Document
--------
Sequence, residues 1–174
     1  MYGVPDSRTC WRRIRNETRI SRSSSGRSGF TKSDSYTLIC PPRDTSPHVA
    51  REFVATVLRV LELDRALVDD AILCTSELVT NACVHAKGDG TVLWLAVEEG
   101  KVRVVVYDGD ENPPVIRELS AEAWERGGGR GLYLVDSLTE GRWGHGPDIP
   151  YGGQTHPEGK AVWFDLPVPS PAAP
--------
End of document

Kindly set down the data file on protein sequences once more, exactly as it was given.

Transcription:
Sequence, residues 1–174
     1  MYGVPDSRTC WRRIRNETRI SRSSSGRSGF TKSDSYTLIC PPRDTSPHVA
    51  REFVATVLRV LELDRALVDD AILCTSELVT NACVHAKGDG TVLWLAVEEG
   101  KVRVVVYDGD ENPPVIRELS AEAWERGGGR GLYLVDSLTE GRWGHGPDIP
   151  YGGQTHPEGK AVWFDLPVPS PAAP